Hawaii lawmakers are working on a ban on the use of some types of sunscreen statewide for the sake of sea life. Conservationists have pushed for the ban for years as some ingredients in the product are extremely damaging to corals.
Under the new law, Senate Bill 2571, sunscreen products that contain octinoxate and oxybenzone will require a prescription. New research suggests that the two chemicals can contribute to coral bleaching.
Coral bleaching is a wide-spread phenomenon that is killing corals and inhibit sea life worldwide at an alarming rate.
The proposed law is now heading to a special panel where members of the legislature will discuss the pros and cons of the ban. The supporters of the law claim that the reef-toxic sunscreen can be replace with coral-safe products.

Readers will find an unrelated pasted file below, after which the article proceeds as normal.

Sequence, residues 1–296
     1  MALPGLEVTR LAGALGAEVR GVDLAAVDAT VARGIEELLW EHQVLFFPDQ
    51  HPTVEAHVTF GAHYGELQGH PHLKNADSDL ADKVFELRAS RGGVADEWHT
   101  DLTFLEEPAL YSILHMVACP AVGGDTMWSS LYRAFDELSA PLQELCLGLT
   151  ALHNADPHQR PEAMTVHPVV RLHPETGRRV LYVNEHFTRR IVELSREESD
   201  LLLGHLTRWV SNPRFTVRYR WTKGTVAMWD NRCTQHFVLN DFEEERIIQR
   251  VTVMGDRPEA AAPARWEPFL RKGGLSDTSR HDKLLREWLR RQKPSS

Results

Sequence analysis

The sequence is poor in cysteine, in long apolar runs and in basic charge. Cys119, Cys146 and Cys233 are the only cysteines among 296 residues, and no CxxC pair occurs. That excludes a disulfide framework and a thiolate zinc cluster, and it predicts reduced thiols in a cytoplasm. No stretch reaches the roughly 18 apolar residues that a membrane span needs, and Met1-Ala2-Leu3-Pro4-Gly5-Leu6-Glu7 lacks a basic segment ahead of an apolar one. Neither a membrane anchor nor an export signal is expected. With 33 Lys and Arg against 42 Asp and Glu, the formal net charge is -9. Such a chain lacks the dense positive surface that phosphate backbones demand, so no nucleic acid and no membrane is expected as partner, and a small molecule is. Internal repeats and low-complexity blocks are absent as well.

Sunscreen Levels in Coastal Waters Very High
It is worth noting that over 50% of the coral reefs around the Hawaii Island are bleached. Also, at least 40% of the corals off the West Maui are affected by the phenomenon.
Coral bleaching is usually caused by rising sea temperatures in the area, but in Maui, it may also have something to do with 55 gallons of sunblock being dumped into the sea each day.
Conservationists claim that a sunscreen-free community would be better, but not all sunscreens are created equal. Some ingredients are more likely to kill off corals than others.
Researcher Craig Downs has recently tested the levels of coral-harming ingredients in the waters of Hanauma Bay. He found high levels of sunscreen in the region. Downs believes that the area is inching closer to “the point of no return.”
Without the reefs and thriving sea life, Hawaii could be dead as an economy. “The weather’s great in California, too. Hawaii has a lot to lose,” the researcher warned.
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